Education Speak

Over the summer I was reading a number of books that will undoubtedly come back to haunt me next semester when I’m trying to muddle through all my College of Education requirements at NAU. One was Begin Here by Jacques Barzun, and another was Less Than Words Can Say by Richard Mitchell, calling himself “The Underground Grammarian.” I was reminded a bit of the latter when reading through the student teaching application form a couple of days ago, and came upon these questions:

  • Clearly document your need to go out-of-state
  • Describe your role as a future teacher.
  • Describe your classroom management plan.
  • Describe how to build a satisfying and productive relationship within the learning community.

So, what’s wrong with them? Nothing in any real sense; they ask fairly common questions of a sort we have been trained to understand and answer intelligently throughout our studies in education. And yet there is a problem here. The problem is that it is necessary for one who has a good grasp of English, but very little of the rather heavily modified talk of Education to first translate the questions into standard English, write a response, and then translate that response back into English. This procedure makes quite a lot of sense when the uninitiated are talking about technical and scientific matters, or trying to write in a foreign language, but it’s mostly just a waste of thought and time to do so when speaking of ordinary things in ordinary life, for which there are already ways of talking that say the same thing, not only just as well, but often even better.

It goes a bit like this:

Clearly document your need to go out-of-state

I don’t need to go out of state. I certainly can’t document that non-need. What kinds of documents could anyone come up with to prove they need to teach out of state? Perhaps they have an ailing grandmother in Wyoming whom they must care for, or she’ll die? Or they must move to Seattle to live with their sister because they have no money, and can’t work and teach at the same time? Maybe it really means:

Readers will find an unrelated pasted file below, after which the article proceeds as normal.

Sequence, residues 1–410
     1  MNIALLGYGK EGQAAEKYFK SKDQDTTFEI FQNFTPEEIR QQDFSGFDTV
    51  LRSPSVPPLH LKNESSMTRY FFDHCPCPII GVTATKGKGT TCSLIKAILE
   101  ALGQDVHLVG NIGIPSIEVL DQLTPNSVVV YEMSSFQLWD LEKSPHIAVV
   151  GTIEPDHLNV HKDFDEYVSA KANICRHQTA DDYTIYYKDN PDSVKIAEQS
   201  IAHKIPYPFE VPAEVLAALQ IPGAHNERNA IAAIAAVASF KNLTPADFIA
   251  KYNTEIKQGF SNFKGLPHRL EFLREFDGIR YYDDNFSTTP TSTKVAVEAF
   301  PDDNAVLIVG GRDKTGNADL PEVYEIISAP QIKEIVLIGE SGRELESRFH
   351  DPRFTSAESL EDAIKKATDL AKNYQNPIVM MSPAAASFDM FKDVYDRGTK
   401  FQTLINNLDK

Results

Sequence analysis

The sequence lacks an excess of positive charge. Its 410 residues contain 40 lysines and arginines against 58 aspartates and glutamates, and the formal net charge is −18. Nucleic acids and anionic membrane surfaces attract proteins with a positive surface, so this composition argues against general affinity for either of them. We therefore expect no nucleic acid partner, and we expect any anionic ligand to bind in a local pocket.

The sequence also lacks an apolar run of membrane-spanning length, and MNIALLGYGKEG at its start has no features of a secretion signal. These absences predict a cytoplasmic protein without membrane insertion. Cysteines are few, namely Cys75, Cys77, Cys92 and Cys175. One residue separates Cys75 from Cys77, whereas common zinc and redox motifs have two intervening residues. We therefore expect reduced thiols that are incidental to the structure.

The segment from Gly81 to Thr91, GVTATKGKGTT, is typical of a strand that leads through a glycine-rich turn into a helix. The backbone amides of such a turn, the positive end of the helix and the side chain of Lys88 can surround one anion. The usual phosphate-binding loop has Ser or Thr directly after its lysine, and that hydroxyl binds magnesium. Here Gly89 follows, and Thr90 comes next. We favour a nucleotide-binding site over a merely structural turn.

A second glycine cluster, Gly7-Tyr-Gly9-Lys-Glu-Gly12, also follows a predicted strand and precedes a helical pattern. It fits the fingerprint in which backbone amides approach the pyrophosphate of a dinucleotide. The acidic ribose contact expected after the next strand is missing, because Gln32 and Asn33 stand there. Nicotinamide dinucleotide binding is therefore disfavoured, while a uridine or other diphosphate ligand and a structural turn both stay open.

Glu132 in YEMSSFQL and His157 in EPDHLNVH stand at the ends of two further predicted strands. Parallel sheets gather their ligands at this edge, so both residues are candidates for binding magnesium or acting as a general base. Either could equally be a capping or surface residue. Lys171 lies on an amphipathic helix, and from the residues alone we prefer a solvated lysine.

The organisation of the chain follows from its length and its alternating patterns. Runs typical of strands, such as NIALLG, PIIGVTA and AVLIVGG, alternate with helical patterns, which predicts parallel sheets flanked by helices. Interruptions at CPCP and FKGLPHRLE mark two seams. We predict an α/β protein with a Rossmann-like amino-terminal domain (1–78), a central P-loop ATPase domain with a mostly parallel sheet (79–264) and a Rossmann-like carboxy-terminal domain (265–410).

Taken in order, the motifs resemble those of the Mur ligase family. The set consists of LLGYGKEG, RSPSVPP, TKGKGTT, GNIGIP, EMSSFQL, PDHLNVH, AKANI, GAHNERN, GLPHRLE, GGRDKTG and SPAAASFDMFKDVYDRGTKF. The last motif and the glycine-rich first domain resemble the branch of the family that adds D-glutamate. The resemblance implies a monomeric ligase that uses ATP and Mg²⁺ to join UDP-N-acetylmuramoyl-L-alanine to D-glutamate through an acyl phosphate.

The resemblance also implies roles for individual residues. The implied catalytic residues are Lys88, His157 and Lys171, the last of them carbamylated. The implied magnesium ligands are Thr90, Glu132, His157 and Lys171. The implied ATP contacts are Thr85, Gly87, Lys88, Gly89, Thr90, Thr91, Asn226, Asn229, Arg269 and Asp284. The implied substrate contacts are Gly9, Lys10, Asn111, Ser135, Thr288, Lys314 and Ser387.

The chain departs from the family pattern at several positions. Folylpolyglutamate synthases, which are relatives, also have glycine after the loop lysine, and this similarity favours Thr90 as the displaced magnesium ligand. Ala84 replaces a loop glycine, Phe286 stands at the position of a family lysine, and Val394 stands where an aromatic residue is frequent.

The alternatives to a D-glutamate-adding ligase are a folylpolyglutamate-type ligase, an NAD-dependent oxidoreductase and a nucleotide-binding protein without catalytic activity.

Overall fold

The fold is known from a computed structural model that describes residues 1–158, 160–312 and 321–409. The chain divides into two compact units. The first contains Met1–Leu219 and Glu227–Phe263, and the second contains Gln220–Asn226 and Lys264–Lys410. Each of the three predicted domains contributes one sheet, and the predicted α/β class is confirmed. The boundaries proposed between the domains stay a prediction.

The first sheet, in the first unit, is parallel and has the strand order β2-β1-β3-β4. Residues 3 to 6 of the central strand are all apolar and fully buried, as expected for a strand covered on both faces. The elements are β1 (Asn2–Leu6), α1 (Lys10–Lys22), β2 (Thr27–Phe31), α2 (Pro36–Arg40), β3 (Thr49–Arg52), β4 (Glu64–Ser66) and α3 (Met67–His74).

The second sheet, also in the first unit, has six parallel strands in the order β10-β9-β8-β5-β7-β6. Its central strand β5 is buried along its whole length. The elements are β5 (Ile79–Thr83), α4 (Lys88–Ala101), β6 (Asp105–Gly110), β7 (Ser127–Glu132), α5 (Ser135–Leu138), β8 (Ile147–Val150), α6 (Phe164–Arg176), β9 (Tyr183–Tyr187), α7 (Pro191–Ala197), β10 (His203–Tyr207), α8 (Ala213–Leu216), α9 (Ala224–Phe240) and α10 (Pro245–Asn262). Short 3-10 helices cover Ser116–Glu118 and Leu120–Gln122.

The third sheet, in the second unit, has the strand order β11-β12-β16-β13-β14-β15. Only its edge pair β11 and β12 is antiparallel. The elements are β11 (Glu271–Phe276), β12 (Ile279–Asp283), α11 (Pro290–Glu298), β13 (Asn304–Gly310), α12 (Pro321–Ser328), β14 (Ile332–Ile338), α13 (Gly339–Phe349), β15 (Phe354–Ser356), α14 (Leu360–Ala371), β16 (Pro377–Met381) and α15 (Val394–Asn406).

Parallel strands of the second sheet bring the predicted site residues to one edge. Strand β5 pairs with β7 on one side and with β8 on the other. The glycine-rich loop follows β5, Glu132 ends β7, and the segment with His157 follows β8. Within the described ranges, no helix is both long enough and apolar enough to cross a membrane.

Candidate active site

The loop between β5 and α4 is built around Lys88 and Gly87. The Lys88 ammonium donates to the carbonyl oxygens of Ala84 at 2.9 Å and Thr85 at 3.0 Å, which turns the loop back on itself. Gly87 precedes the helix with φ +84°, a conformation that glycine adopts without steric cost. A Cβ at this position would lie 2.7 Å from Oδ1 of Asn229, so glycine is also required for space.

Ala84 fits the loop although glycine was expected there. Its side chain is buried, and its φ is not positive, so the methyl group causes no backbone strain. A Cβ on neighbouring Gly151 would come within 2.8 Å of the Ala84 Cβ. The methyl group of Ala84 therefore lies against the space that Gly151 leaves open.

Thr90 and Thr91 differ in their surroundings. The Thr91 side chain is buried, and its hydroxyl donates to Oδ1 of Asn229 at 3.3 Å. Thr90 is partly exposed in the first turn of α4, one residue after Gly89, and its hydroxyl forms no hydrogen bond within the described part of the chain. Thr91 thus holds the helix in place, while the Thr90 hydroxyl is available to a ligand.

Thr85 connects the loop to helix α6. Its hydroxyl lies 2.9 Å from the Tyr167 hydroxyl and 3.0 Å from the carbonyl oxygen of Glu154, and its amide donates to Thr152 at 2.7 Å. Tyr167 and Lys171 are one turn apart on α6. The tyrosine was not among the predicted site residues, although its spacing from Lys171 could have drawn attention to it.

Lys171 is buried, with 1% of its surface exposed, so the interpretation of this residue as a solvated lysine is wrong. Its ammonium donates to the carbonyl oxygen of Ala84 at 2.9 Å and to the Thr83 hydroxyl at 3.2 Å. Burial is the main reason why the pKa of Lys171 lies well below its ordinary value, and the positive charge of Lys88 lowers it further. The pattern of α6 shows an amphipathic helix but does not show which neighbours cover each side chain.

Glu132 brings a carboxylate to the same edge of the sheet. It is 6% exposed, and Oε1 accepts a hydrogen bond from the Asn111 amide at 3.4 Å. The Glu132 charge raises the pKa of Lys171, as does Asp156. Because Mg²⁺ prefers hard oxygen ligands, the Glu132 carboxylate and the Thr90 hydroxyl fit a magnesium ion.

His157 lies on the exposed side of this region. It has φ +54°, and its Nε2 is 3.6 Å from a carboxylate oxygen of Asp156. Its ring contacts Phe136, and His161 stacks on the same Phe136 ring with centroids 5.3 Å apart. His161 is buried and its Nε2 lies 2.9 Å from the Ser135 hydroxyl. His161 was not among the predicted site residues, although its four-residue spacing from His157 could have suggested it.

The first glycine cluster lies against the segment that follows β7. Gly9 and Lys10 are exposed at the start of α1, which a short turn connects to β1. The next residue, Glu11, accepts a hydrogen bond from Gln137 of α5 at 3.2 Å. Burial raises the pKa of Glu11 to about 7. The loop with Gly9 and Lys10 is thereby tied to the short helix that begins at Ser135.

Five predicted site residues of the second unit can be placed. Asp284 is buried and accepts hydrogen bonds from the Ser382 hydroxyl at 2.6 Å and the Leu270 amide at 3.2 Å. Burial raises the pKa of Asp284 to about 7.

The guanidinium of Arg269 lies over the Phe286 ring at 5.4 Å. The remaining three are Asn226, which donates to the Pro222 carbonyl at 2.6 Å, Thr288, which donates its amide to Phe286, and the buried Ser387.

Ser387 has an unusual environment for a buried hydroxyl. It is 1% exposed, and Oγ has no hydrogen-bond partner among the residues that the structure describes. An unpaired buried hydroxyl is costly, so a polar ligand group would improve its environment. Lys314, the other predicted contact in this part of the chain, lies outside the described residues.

Clearly document that it would be beneficial for you to go out-of-state

Again, what kind of documentation? Perhaps it is really:

Clearly explain why it would be beneficial for you to go out-of-state

Ah! I can do that! And so I begin writing my letter.

Or, as another example:

Describe how to build a satisfying and productive relationship within the learning community.

I don’t even know where to start, so I ask my father, who is a teacher. He says: “satisfying relationship–means you don’t bitch and complain and whine as so many teachers—and people in general actually, but especially teachers–do….that is my guess and I am sticking with it”

Ok, I reason, so it wants to know that I would be “professional.” That I would cooperate with other teachers, talk to them about subjects of mutual interest, be cordial, helpful, give and ask help or advice, and that sort of thing. I remember from past experience that a “learning community” in this context really means a school. So, they want to know something like:

Describe how you would contribute to the positive interaction between those in the school

My, that’s clumsy! And it’s still passive, which many respected people say to avoid in this kind of situation.

How about the old fashioned:

How would you contribute to useful interaction among those in the school?

I’m still not sure if that’s anything like what they meant, but it has to be close enough, because it’s the only one I can answer coherently. The answer is something like this:

“By trying to be kind, thoughtful, and friendly.” Now I get to begin translating it back.


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